Bach: Sonatas (SACD review)
In the accompanying booklet note to Bach Sonatas, Dr. James Seymour Helgeson writes at length about what is "authentic" or not about today's performing practices. One thing he points out is that composers like Bach would transcribe their own works for various other instruments, often to accommodate the players on any given occasion. So it is not unusual that Canadian violinist Lara St. John would want to perform several of J.S. Bach's sonatas for violin and harpsichord in transcriptions for violin and harp. She has said that for these pieces she finds the harpsichord rather unsubtle in accompaniment and the modern piano heavy-handed. The harp, on the other hand, she feels better suits the spirit of the music. After listening to these unique, though not entirely inauthentic, transcriptions for violin and harp, I'd have to agree with her.
Accompanying Ms. St. John is Marie-Pierre Langlamet, the principal harpist for the Berlin Philharmonic since Claudio Abbado appointed her to the post in 1993; together, they perform five sonatas Bach wrote (or scholars have ascribed to him) for violin and harpsichord or flute and harpsichord. So, in the last three sonatas Ms. St. John has replaced both flute and harpsichord with violin and harp. Fair enough. On the program Ms. St. John presents the sonatas in chronological order, starting with the Sonata No. 1 in B minor, BWV 1014, and continuing through the Sonata No 3 in E major, BWV 1016, the Sonata in G minor, BWV 1020, the Sonata in B minor, BWV 1030, and concluding with the Siciliana movement from the Sonata in E-flat major, BWV 1031.
All of the works sound more delicate with harp accompaniment, lighter, airier, more diaphanous, more ethereal. Indeed, after hearing just the first sonata, I couldn't imagine wanting to hear it any other way. Still, it's the Sonata No. 3 that steals the show. It is particularly haunting, a little melancholy, and entirely enchanting, especially with the harp. Two of the four movements are adagios, ensuring a serene atmosphere, and the performers take the two allegros at a correspondingly relaxed pace so as not to disrupt the tranquil continuity of the piece. I'd recommend the album if this were the only selection on it, it's that good.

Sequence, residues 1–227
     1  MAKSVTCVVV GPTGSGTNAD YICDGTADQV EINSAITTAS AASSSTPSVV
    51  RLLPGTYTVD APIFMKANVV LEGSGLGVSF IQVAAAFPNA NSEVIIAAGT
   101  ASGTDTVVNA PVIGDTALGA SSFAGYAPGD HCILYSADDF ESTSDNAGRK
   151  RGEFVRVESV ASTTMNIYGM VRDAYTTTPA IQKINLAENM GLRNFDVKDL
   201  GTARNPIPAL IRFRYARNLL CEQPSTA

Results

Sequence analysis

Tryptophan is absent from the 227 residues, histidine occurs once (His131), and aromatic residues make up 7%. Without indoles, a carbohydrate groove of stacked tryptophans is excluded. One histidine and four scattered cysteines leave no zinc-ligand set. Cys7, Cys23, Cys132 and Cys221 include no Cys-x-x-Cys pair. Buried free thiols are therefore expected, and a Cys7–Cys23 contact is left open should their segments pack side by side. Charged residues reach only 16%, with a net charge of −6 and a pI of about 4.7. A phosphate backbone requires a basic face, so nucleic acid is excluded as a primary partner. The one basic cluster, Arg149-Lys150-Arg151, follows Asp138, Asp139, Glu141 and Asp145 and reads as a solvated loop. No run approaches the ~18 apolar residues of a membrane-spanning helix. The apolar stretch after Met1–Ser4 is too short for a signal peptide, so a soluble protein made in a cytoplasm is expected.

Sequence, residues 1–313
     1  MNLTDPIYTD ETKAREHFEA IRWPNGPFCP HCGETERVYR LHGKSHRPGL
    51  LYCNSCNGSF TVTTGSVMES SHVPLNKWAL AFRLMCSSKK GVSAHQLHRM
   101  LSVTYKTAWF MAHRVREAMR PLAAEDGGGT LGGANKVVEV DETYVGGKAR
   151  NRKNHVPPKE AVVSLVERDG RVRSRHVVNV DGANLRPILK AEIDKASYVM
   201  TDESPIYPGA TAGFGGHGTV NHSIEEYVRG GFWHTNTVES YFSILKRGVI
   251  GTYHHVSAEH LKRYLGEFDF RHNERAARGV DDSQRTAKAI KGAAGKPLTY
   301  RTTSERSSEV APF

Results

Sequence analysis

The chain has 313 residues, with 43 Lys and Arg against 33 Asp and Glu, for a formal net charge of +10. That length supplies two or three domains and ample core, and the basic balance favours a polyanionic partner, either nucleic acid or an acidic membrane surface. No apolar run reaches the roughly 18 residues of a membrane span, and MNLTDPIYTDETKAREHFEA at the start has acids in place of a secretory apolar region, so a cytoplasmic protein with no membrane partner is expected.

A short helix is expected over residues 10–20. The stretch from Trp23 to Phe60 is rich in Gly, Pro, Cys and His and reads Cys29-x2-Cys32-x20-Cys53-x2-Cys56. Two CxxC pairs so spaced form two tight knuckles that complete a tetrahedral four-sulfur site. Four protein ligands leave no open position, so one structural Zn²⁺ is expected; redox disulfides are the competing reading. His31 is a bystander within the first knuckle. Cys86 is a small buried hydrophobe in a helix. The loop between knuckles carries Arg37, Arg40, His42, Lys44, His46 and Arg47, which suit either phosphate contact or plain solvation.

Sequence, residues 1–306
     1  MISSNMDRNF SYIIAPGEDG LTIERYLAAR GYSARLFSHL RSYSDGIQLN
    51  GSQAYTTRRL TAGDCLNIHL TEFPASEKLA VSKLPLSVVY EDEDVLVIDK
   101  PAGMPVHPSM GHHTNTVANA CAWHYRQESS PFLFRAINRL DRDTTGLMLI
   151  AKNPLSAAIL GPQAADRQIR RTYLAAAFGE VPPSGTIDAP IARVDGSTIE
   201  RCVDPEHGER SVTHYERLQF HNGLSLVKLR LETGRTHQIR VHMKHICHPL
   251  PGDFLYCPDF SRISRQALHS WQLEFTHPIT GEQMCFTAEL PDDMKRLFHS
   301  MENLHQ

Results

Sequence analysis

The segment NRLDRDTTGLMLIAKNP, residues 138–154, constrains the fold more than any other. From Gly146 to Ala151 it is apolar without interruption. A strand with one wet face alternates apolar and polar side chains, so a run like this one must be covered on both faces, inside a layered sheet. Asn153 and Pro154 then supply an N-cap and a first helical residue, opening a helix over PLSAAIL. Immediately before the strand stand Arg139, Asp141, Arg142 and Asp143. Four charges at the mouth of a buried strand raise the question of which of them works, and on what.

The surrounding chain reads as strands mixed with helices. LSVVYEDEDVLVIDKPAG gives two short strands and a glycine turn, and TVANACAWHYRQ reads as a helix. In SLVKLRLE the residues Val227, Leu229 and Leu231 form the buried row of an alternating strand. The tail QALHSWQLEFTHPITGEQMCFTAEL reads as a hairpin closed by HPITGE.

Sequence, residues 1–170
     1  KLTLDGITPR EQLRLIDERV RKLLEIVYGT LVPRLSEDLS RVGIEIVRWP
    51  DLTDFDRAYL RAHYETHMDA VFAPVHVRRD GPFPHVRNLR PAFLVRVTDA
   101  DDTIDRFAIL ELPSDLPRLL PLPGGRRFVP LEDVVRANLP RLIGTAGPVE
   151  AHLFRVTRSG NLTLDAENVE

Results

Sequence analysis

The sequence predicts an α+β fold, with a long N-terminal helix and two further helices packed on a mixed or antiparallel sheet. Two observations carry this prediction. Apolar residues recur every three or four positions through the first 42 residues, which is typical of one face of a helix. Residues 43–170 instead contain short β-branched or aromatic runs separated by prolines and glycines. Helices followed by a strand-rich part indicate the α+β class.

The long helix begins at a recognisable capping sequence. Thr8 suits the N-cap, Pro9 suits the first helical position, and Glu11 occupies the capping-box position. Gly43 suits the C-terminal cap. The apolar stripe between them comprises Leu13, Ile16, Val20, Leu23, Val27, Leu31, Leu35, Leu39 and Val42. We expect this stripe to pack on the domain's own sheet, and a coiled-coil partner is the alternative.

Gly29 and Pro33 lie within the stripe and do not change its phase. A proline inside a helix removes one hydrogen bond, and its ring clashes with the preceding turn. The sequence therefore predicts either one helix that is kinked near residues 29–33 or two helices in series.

The final three works on the disc Bach the elder may or may not have actually written, but it's close enough. Ms. St. John's and Ms. Langlamet's playing of the Sonata in G minor, originally for flute and harpsichord, has a graceful, almost playful quality to it. Then, we get the Sonata in B minor, also originally for flute and harpsichord, which is probably the most creative of the pieces on the album; it is quite a lot of fun, actually, with the performers appearing to have fun with it as well. The two musicians conclude the program with the Siciliana movement from the Sonata in E-flat, a perfect ending to the proceedings because of its sweet, gentle character.
It's hard to argue against the amiably refined playing of Ms. St. John and Ms. Langlamet or their decision to perform together in the arrangements they do. The results are not just enchanting but sometimes stunning, turning familiar tunes into welcome new creations. Count the idea a success on my end.
The folks at Ms. St. John's Ancalagon label recorded the performers at Teldex Studio Berlin in January, 2011. On the two-channel stereo layer of this hybrid 2.0/5.0 SACD, the sound is warm and full, with a pleasant ambient bloom on the instruments. The recording is slightly close-up but not so much that the performers are in our lap; it's just close enough to capture the crisp, vibrant tone of Ms. St. John's 1779 "Salabue" Guadagnini violin and the rich, mellifluent moods of the harp. In the first sonata I thought the resonance of the low harp strings was a tad too prominent, but the issue disappeared by the second selection. There is no forwardness to the sonics, no edge, no brightness, nothing to interfere with one's enjoyment of the music.
William (Bill) Heck, Contributing Reviewer
Among my early childhood memories are those of listening to my mother playing records (some even 78 rpm ones!) of both classical music and jazz tunes. I suppose that her love of music was transmitted genetically, and my interest was sustained by years of playing in rock bands – until I realized that this was no way to make a living. The interest in classical music was rekindled in grad school when the university FM station serving as background music for studying happened to play the Brahms First Symphony. As the work came to an end, it struck me forcibly that this was the most beautiful thing I had ever heard, and from that point on, I never looked back. This revelation was to the detriment of my studies, as I subsequently spent way too much time simply listening, but music has remained a significant part of my life. These days, although I still can tell a trumpet from a bassoon and a quarter note from a treble clef, I have to admit that I remain a nonexpert. But I do love music in general and classical music in particular, and I enjoy sharing both information and opinions about it.
The audiophile bug bit about the same time that I returned to that classical music. I’ve gone through plenty of equipment, brands from Audio Research to Yamaha, and the best of it has opened new audio insights. Along the way, I reviewed components, and occasionally recordings, for The $ensible Sound magazine. Recently I’ve rebuilt--I prefer to say reinvigorated--my audio system, with a Sangean FM HD tuner and (for the moment) an ancient Toshiba multi-format disk player serving as a transport, both feeding a NAD C 658 streaming preamp/DAC, which in turn connects to a Legacy Powerbloc2 amplifier driving my trusty Waveform Mach Solo speakers, supplemented by a Hsu Research ULS 15 Mk II subwoofer.